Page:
|28th February 2004||Private William Griffiths, 2-24/1056|
Griffiths was KIA @ Isandhlwana and tat is where he is buried. His medals are at Brecon. two questions spring to mind:
Who found his body? Was someone sent to find Griffiths body [when the Camp was retaken/when the camp was returned to in Apr '79?] because he was a VC holder?
|28th February 2004||Martin Everett|
In the 1870s, soldiers had to parade at regular intervals - 'showing medals' as they say. From this one can assume that Griffiths did have his VC in his kit in a tent at Isandhlwana on 22 January. I have not come across an account of finding his body and the recovery of his VC. The Griffith's VC next appears at an auction in 1895 when it was sold for £35. His campaign medal was issued after the end of the campaign to his NOK (name unknown) but it might have been return to the mint - however this medal's whereabouts today is unknown.
|29th February 2004||AMB|
Many thanks for your last. Interesting. Where was the medal was sold in 1895? GB or SA?
|1st March 2004||P.F|
For location of VC see Chapman's website:
"Victoria Cross Reference"
|1st March 2004||Martin Everett|
Dear AMB and PF,
There is no doubt where Griffiths' VC is. It is in the regimental museum collection. The Victoria Cross is not a medal but a decoration. It is the whereabouts of his campaign medal which is unknown.
|1st March 2004||AMB|
Martin & PF,
I asked where the VC was sold as it thought it might point to where the previous 'owner' was from. If Private Griffiths had his medal with him when he died, then someone must have picked it up from the body. Which also leads one to ask, Martin: How are you so sure that the Museum has Private Griffiths' medal & not a copy/replica?
|3rd March 2004||Martin Heyes|
I read your comment above with interest.
Does this mean that at the time of the Zulu War campaign, British soldiers in the field actually wore any medals which they had been issued on their tunics -during any fighting?
I read something to this effect many years ago but find it difficult to believe.
Oh, I know Nigel Green playing C/Sgt Bourne wore 2 medals in the film Zulu - one of which in reality wasn't issued until some 30 yrs later - but in principle is this what happened?
|3rd March 2004||Martin Everett|
Please, please stop calling the VC a medal - it is a decoration - the highest that Britain can award. We hold other VCs from the Andaman Islands (1867) - the naming is consistant, ie. it was done by the same engraver at Hancock's (the makers) verified by them. It was sold in the UK in 1895.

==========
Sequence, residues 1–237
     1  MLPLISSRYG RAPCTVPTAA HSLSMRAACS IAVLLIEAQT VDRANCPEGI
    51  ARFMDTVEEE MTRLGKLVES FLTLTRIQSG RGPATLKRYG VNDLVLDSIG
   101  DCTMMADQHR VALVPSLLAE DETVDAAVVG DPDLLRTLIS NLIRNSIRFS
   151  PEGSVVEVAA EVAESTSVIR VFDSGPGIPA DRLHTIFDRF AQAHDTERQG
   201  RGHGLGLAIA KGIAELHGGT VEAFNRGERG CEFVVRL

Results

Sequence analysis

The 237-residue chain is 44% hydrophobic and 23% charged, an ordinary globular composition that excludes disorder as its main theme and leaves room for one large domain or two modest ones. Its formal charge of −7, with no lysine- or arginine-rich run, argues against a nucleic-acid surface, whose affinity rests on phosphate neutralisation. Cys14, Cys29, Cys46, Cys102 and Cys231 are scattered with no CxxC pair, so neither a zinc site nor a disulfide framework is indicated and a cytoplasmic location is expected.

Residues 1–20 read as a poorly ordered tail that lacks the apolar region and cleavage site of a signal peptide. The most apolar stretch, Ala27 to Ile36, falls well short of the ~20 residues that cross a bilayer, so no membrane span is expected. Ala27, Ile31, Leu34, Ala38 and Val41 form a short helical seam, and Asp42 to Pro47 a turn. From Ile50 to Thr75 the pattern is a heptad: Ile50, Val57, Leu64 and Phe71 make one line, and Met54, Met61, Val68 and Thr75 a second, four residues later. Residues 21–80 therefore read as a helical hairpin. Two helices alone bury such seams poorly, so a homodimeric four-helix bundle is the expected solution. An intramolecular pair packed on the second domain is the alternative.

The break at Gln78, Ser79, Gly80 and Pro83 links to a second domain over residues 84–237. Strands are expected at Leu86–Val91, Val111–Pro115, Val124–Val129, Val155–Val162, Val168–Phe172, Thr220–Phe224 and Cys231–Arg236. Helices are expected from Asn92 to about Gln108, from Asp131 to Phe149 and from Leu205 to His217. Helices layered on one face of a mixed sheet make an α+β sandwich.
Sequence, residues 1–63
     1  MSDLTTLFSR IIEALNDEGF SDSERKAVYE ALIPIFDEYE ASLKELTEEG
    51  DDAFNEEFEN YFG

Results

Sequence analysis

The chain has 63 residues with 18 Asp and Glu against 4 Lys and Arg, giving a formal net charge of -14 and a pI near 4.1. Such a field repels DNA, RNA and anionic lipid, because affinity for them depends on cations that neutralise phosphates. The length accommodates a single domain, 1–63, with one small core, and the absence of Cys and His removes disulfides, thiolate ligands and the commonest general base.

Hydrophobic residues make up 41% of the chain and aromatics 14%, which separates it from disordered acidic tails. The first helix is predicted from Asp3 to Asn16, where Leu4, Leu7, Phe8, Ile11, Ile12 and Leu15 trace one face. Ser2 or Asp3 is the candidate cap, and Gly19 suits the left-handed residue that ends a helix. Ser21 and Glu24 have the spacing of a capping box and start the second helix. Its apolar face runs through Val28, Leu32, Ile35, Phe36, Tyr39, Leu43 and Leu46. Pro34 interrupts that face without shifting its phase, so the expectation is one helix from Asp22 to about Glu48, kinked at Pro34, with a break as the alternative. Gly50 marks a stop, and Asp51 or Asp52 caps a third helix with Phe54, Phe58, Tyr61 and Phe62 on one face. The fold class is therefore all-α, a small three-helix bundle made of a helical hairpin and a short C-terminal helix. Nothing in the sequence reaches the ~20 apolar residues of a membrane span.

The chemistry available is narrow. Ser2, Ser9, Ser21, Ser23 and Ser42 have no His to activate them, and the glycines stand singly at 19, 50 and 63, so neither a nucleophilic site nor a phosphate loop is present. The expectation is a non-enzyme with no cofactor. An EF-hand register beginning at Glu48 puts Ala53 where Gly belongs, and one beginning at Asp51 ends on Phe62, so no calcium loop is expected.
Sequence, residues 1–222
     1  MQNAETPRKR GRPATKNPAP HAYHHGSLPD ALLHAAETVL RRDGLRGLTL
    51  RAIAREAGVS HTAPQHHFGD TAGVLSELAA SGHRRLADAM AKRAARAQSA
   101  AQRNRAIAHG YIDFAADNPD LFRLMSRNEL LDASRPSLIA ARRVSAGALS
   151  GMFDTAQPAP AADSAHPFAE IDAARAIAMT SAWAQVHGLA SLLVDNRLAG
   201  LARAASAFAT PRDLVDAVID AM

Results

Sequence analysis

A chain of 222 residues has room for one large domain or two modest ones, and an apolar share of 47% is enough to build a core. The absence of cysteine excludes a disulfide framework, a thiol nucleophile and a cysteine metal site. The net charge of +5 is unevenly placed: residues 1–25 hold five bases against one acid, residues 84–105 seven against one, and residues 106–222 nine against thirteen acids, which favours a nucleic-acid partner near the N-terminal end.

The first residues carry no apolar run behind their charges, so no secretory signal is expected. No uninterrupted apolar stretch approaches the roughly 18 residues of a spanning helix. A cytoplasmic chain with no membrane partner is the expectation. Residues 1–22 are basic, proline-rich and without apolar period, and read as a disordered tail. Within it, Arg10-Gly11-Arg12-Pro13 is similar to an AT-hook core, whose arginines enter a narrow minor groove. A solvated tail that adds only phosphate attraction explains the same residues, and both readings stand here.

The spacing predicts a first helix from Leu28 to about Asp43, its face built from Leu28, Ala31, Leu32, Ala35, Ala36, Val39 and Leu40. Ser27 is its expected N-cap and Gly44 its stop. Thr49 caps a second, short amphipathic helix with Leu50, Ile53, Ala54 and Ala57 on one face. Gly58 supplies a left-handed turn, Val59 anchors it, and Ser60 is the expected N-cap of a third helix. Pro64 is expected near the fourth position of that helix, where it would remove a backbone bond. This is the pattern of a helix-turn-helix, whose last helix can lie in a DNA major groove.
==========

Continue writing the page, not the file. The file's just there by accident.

|3rd March 2004||AMB|
Many thanks for your last. It is fascinating to ponder on how the decoration came back to the UK.
I presume that had it been brought back legally [by the Bn], it never would have been sold. Therefore, one can speculate as to the little cross's journey between 1879 and 1895.
|3rd March 2004||John Young|
Sounds like a cold case file for the RMP's to me, let me guess who will head up the investigation?
|4th March 2004||Julian whybra|
|4th March 2004||John Young|
No I think Major Banks will volunteer his services! Isn't that right AMB?
|4th March 2004||AMB|
If one only had the time.....
|5th March 2004||Martin Everett|
Now that I have access to my records. Griffiths VC was sold by Messrs Robinson and Fisher at Willis's Rooms, King Street, St James's, London for £33 in May 1897. The VC for Pte Cooper also 2/24th was sold at the same auction for £35. There are no further details as to the vendor or purchaser.
|7th March 2004||AMB|
Thank you for your last. Interesting stuff. If only the Regt could get some of their other VCs for £33 today!
|7th March 2004||Martin Everett|
The low price only confirms that in 19th century the pension associated with the VC was more important than the kudos of being awarded Britain highest decoration. After all the VC pension was £10 pa at a time when a soldier's pay was £36 pa. The VC in my belief only reached its exulted position in the public's affection following WW1 when 7 million served in the army only 633 were awarded.